Welcome to Netrider ... Connecting Riders!

Interested in talking motorbikes with a terrific community of riders?
Signup (it's quick and free) to join the discussions and access the full suite of tools and information that Netrider has to offer.

Legality of external tyre plugs

Discussion in 'Politics, Laws, Government & Insurance' started by deyago, Aug 26, 2005.

  1. Here's a question for you: Are those tyre plugs you insert from the outside into the tyre legal?

    I've been told that they are not and I question this opinion. You can buy them quite freely from Autobarn so I wonder. This opinion was given to me by Tim, the motorcycle tyre fitter at Bob Jane who also claimed that he could not plug a punture on the shoulder of the tyre as it was not going to hold. You don't even want to know what he thinks about that goop you spray into the tyre..... :LOL:

    I invite any and all opinions but I'm really after someone who can quote chapter and verse from the holy books of Om on the matter. I'm not keen on forking out another $280 for a tyre if what I have is 1)legal and 2)up to the job.

    No besmirching of Tim on my part, he could just have made a few quick buck out of me and I'd be none the wiser if it was right or not, I'm just after more info.

  2. I haven't got my Holy Book of Om handy but I believe the from inside plugs are legal (have had them done on a few occasions) but the from the outside plugs are not because they can pop out under pressure.

    There may be limits on where they can use it and of course the size of the hole they can plug.

    As a side issue, I'm glad to see you posting today considering the fatal "incident" on Footscray Rd last night involved a Footscray resident.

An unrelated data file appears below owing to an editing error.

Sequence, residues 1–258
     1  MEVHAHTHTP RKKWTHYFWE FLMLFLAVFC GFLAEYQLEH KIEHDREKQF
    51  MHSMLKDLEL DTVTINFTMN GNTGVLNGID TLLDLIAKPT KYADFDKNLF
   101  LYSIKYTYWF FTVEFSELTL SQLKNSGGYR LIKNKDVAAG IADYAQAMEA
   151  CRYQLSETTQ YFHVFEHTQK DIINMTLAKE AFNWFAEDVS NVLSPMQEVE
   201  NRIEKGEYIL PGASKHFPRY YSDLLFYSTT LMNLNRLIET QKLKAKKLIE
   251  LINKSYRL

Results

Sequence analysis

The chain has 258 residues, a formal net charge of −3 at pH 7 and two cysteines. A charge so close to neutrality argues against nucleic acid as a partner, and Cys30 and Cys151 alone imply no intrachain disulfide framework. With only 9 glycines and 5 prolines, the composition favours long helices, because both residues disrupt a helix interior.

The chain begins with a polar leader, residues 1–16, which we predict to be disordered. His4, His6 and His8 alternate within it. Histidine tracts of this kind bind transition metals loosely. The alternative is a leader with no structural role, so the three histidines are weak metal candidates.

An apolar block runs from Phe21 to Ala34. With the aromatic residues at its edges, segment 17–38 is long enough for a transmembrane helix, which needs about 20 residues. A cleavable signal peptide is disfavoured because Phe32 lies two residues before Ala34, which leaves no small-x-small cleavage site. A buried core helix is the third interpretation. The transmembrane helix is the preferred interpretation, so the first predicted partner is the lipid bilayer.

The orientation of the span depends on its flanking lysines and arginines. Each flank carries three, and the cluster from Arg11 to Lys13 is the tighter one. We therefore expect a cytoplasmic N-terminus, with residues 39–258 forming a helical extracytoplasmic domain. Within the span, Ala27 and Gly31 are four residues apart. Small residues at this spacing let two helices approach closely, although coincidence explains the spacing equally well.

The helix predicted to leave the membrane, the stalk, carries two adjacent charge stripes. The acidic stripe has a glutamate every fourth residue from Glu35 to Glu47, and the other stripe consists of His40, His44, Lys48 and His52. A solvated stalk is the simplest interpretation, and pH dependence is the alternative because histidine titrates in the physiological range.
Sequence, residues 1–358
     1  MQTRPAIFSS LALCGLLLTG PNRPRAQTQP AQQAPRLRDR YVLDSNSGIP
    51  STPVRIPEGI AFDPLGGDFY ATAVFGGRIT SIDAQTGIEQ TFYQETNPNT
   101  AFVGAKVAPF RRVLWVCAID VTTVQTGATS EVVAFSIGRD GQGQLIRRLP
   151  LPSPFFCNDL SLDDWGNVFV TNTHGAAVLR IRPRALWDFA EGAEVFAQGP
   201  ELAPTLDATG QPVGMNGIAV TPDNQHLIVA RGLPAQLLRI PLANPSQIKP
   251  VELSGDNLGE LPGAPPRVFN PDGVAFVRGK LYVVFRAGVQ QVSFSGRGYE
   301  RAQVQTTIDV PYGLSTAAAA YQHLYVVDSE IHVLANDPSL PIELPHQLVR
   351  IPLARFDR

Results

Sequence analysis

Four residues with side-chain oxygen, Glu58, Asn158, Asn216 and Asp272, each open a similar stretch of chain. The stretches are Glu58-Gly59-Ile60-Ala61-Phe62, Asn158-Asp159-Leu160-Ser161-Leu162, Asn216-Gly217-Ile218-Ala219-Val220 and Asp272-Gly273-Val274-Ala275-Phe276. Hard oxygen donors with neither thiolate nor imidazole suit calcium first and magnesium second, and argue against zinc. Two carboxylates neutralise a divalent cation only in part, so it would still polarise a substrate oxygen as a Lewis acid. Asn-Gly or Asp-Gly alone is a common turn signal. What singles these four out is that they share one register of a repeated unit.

3. Shit, really?? :shock:

    Good thing I've heard from Mel today or I'd have freaked!

    Any details?

    (way to go jake, gone OT on your own thread by the second post :LOL: )

    OK back OT, that's basically what he said too, with the addition that pluging the shoulder isn't really possible as there is too much movement in that part of the tyre and combined with the heat the plug could/would come loose. Given I've done a track day with it as it is I'm either a lucky bugger or a magnificent tyre repairer.....hmmmm :wink:
  4. If one of you guys sends me you email address I'll send you some photos of what happens when tyre plugs fail. It will make you shit your pants. Either that or make you join RACV next time you get a puncture.
  5. Rider hit a truck was in todays herald sun
  7. Yes

    Good practice, but still legal

    You won't find anyone. There is no laws in Australia (UK and other countries have them) covering temporary tyre repairs. Australian Standard AS1973 covers tyre repairs by qualified repairer, but this is "best practice" only and still not law.

    Any tyre repair would not be "up to the job" on a motorcycle IMHO, unless "the job" is nothing more than 80km/h scooter like speeds and usage. No twisties unless very slow space and speed limited on straights. For your type of ridig Jake, I certainly wouldn't trust a repair and wonder why your even considering it? Your life (or time in a hospital) is worth more than $280!

    Morally and professionaly, he's right. Legally, he's could be wrong. (Repaired tyres still have to meet roadworthy laws)
  8. Thanks Jason, that's the sort of info I'm after. Like Tim said, had it been in the middle, no real problems, but that's not the case here.

    I was under the impression a properly plugged tyre was good to do basically what a normal tyre would do. Since I'm not into playing Russian roulette with this, I'll just have to shell out the $$$ :cry: :roll: .

    I was hoping someone would point me in the direction of some tyre guru who could fix it up and make all my problems go away, Chorus="tell him he's dreamin'" yeah, ok. I'm not keen on seeing how good my handwork will hold up at pace at PI now that I've picked up a second nail in the last couple of days.

    Shite, fark, shitey, shite, fark!

    Can someone buy me a tyre for my Birthday???
  9. I think that, with a car tyre, because there is so much more of it in contact with the road, the issue is not as critical as it is with a bike tyre.

    Given that the plug itself will weigh something, and that balance and roundness of a bike tyre is critical, I'd be reluctant to use a plug on anything more than a "get you home" basis.

    That's not talking legality, that's just my take on the safety aspect.